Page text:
Possible solutions for optimising clinical trials
Clinical trials form an essential part of medical research, treatments and prevention. Investors and sponsors are looking for results and are keen to get their treatment on the market as soon as possible, in order to help patients worldwide.
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When conducting a clinical trial, there are many challenges which medical researchers face and finding the right patients to participate is one of the key difficulties. Patients need to meet many criteria, including not having previously suffered a variety of conditions and being prescribed the right treatment. Scientists also have to adapt to the changing symptoms of patients whose condition is progressing as they undergo trials. BBC presenter, Rachael Bland, recently revealed she is relying on clinical trials to treat her breast cancer.
Solutions being considered include making certain trials available to all patients with a particular condition. It is hoped this will target underrepresented groups and minority groups worldwide.
Companies and organisations investing in trials are looking for medical breakthroughs. Companies are using adaptive phase 1 studies to ensure a phased approach to clinical trials.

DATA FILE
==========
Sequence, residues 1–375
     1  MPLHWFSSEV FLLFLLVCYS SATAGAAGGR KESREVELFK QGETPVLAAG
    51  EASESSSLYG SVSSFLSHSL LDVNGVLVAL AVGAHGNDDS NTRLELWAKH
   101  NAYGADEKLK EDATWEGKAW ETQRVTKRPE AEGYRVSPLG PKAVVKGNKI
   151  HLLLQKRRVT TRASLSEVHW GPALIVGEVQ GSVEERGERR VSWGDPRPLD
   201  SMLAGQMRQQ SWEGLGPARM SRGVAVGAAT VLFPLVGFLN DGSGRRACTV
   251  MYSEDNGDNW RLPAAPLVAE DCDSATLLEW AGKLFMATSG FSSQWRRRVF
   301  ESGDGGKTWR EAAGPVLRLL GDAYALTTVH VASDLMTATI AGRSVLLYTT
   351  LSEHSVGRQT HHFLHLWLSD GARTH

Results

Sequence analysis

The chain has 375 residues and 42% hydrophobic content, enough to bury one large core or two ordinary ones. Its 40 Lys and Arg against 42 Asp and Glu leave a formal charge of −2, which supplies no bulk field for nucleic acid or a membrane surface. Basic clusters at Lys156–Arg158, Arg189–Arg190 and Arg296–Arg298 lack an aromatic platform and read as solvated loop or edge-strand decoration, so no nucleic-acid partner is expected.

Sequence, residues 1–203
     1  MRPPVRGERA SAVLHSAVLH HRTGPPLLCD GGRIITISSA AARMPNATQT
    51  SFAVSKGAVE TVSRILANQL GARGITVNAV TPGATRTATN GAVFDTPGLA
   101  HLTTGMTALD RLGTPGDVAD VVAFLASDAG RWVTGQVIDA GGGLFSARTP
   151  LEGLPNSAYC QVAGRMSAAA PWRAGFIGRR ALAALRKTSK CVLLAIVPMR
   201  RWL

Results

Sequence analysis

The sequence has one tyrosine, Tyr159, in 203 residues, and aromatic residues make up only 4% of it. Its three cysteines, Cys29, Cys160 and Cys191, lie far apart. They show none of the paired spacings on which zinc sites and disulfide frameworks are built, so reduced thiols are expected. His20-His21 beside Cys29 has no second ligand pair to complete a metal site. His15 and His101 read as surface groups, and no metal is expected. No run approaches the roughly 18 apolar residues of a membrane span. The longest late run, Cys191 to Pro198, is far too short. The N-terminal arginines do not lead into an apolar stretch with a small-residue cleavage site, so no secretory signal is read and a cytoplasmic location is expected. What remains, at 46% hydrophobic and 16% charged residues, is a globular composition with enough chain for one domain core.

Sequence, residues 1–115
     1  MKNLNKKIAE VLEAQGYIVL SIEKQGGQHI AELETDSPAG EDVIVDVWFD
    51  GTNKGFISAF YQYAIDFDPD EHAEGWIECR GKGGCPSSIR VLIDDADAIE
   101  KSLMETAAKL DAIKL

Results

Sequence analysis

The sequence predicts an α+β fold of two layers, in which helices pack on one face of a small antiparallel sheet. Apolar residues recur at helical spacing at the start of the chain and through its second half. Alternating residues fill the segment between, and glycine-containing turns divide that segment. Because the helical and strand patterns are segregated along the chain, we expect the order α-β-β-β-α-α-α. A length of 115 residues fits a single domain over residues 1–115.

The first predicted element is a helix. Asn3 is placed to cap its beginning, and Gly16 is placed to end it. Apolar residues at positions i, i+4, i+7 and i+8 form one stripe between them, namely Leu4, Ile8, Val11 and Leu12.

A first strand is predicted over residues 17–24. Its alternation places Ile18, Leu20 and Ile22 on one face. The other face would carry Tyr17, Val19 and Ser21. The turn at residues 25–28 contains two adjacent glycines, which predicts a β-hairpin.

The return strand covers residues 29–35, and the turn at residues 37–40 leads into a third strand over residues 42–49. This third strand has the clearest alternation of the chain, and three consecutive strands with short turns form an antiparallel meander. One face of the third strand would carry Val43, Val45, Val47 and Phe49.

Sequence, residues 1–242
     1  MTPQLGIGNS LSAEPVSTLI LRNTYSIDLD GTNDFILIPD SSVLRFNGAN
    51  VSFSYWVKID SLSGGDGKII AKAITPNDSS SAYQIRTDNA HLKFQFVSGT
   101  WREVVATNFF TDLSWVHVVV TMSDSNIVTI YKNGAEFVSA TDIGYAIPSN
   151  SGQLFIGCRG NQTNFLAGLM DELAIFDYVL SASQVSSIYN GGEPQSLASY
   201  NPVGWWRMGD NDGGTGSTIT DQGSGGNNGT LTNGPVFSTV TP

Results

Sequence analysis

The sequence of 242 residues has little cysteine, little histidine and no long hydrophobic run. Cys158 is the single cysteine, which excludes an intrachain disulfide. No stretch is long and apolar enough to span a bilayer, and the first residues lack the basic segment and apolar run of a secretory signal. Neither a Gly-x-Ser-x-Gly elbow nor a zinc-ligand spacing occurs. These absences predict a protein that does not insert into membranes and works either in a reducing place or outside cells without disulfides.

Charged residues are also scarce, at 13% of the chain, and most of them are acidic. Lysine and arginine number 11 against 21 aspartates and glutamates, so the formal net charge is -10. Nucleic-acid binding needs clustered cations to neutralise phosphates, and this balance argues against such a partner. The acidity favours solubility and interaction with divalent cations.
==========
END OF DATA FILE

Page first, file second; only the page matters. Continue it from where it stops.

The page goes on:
Scientists are also looking at designing smaller trials. These can succeed when comparing patients who receive treatment with those that don’t. Measuring the effects of individual organs in the two groups can also be an effective way to demonstrate change.
If safe to do so, participants may have their prescribed drugs suspended for the duration of the trial and comparisons can then be made to see how their existing treatment is affecting the trial results.
Another solution being considered is to not only treat textbook patients, but to include patients who are showing symptoms of a disease, but have not yet had a confirmed diagnosis.
Looking at how a disease can affect different people in different ways and understanding what works for each individual patient is essential in providing and planning treatment for their specific needs.
Discovering the causes of a patient’s symptoms and treating the side effects will help researchers predict how a person might react to treatment.
These approaches will help optimise results for all those involved including the patients, investors and medical researchers. Making medical trials more efficient and targeted will help develop new treatments, making them available to those who need them as quickly as possible.
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